Thanks to the cloud, the amount of data being generated and stored has exploded in scale and volume.
Every aspect of the enterprise is being instrumented for data, so new operations are built based on that data, pushing every company into becoming a data company.
One of the most profound and maybe non-obvious shifts driving this is the emergence of the cloud database. Services such as Amazon S3, Google BigQuery, Snowflake and Databricks have solved computing on large volumes of data and have made it easy to store data from every available source.
The enterprise wants to store everything they can in the hopes of being able to deliver improved customer experiences and new market capabilities.
It’s a good time to be a database company
Database companies have raised over $8.7 billion over the last 10 years, with almost half of that, $4.1 billion, just in the last 24 months, according to CB Insights.
It’s not surprising given the sky-high valuations of Snowflake and Databricks. The market doubled in the last four years to almost $90 billion, and is expected to double again over the next four years. It’s safe to say there is a huge opportunity to go after.
20 years ago, you had one option: A relational database
Today, thanks to the cloud, microservices, distributed applications, global scale, real-time data and deep learning, new database architectures have emerged to solve for new performance requirements.
We now have different systems for fast reads and fast writes. There are also systems specifically to power ad-hoc analytics or for data that is unstructured, semi-structured, transactional, relational, graph or time-series, as well as for data used for cache, search, based on indexes, events and more.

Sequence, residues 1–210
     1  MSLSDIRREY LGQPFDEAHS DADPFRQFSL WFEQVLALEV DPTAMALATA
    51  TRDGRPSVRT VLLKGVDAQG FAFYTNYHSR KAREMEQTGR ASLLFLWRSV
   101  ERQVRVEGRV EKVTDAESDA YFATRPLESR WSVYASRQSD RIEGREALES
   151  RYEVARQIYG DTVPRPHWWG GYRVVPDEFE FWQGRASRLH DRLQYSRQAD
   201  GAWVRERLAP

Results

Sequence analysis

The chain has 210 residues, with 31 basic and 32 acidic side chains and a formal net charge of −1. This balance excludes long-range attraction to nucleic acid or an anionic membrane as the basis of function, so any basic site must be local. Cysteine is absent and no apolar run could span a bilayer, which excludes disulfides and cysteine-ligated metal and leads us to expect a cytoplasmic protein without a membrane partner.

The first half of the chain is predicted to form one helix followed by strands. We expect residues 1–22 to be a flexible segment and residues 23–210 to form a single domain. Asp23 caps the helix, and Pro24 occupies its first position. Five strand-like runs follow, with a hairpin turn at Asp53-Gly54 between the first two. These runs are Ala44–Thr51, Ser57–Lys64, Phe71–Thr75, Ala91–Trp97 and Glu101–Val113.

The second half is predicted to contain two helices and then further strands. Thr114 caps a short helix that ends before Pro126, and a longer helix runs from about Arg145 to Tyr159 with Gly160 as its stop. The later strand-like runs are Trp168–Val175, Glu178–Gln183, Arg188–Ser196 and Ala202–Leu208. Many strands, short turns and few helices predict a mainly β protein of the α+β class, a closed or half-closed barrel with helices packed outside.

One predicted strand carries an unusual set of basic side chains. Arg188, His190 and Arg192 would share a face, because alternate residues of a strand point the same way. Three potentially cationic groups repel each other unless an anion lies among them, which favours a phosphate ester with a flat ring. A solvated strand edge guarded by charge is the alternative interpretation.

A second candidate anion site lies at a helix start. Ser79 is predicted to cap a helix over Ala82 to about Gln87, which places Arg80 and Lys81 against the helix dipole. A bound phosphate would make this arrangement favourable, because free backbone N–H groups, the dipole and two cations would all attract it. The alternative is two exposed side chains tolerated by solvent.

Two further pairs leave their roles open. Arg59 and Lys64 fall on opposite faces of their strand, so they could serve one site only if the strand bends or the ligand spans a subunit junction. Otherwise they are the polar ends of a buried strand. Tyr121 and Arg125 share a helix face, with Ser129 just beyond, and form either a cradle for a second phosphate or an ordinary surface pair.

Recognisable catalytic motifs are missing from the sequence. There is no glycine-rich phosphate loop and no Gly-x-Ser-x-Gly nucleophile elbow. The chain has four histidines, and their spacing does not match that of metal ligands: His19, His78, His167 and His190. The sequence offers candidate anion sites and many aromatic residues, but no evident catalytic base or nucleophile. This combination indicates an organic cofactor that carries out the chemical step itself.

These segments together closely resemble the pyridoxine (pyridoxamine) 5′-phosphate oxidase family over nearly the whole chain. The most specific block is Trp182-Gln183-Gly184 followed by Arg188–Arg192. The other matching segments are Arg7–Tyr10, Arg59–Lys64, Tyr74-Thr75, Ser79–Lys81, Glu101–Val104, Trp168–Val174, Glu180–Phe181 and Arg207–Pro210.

It may come as a surprise, but there are still billions of dollars in Oracle instances still powering critical apps today, and they likely aren’t going anywhere.
Each system comes with different performance needs, including high availability, horizontal scale, distributed consistency, failover protection, partition tolerance and being serverless and fully managed.
As a result, enterprises, on average, store data across seven or more different databases. For example, you may have Snowflake as your data warehouse, Clickhouse for ad-hoc analytics, Timescale for time-series data, Elastic for their search data, S3 for logs, Postgres for transactions, Redis for caching or application data, Cassandra for complex workloads and Dgraph* for relationship data or dynamic schemas.
That’s all assuming you are collocated to a single cloud and you’ve built a modern data stack from scratch.
The level of performance and guarantees from these services and platforms is on a very different level compared with what we had five to 10 years ago. At the same time, the proliferation and fragmentation of the database layer are increasingly creating new challenges.
For example, syncing across different schemas and systems, writing new ETL jobs to bridge workloads across multiple databases, constant cross-talk and connectivity issues, the overhead of managing active-active clustering across so many different systems, or data transfers when new clusters or systems come online. Each of these has different scaling, branching, propagation, sharding and resource requirements.
What’s more, we now have new databases every month that aim to solve the next challenge of enterprise scale.
The new-age database
So the question is, will the future of the database continue to be defined as it is today?
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